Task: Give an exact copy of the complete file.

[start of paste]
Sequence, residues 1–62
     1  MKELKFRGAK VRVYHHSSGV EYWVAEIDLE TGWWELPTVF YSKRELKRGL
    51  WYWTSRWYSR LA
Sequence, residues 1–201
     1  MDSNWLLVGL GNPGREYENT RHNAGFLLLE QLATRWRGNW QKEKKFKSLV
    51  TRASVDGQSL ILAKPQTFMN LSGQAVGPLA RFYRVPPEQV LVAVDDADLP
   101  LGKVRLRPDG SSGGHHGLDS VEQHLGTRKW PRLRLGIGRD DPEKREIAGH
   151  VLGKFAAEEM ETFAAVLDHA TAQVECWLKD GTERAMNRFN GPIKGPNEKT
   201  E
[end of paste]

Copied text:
Sequence, residues 1–62
     1  MKELKFRGAK VRVYHHSSGV EYWVAEIDLE TGWWELPTVF YSKRELKRGL
    51  WYWTSRWYSR LA
Sequence, residues 1–201
     1  MDSNWLLVGL GNPGREYENT RHNAGFLLLE QLATRWRGNW QKEKKFKSLV
    51  TRASVDGQSL ILAKPQTFMN LSGQAVGPLA RFYRVPPEQV LVAVDDADLP
   101  LGKVRLRPDG SSGGHHGLDS VEQHLGTRKW PRLRLGIGRD DPEKREIAGH
   151  VLGKFAAEEM ETFAAVLDHA TAQVECWLKD GTERAMNRFN GPIKGPNEKT
   201  E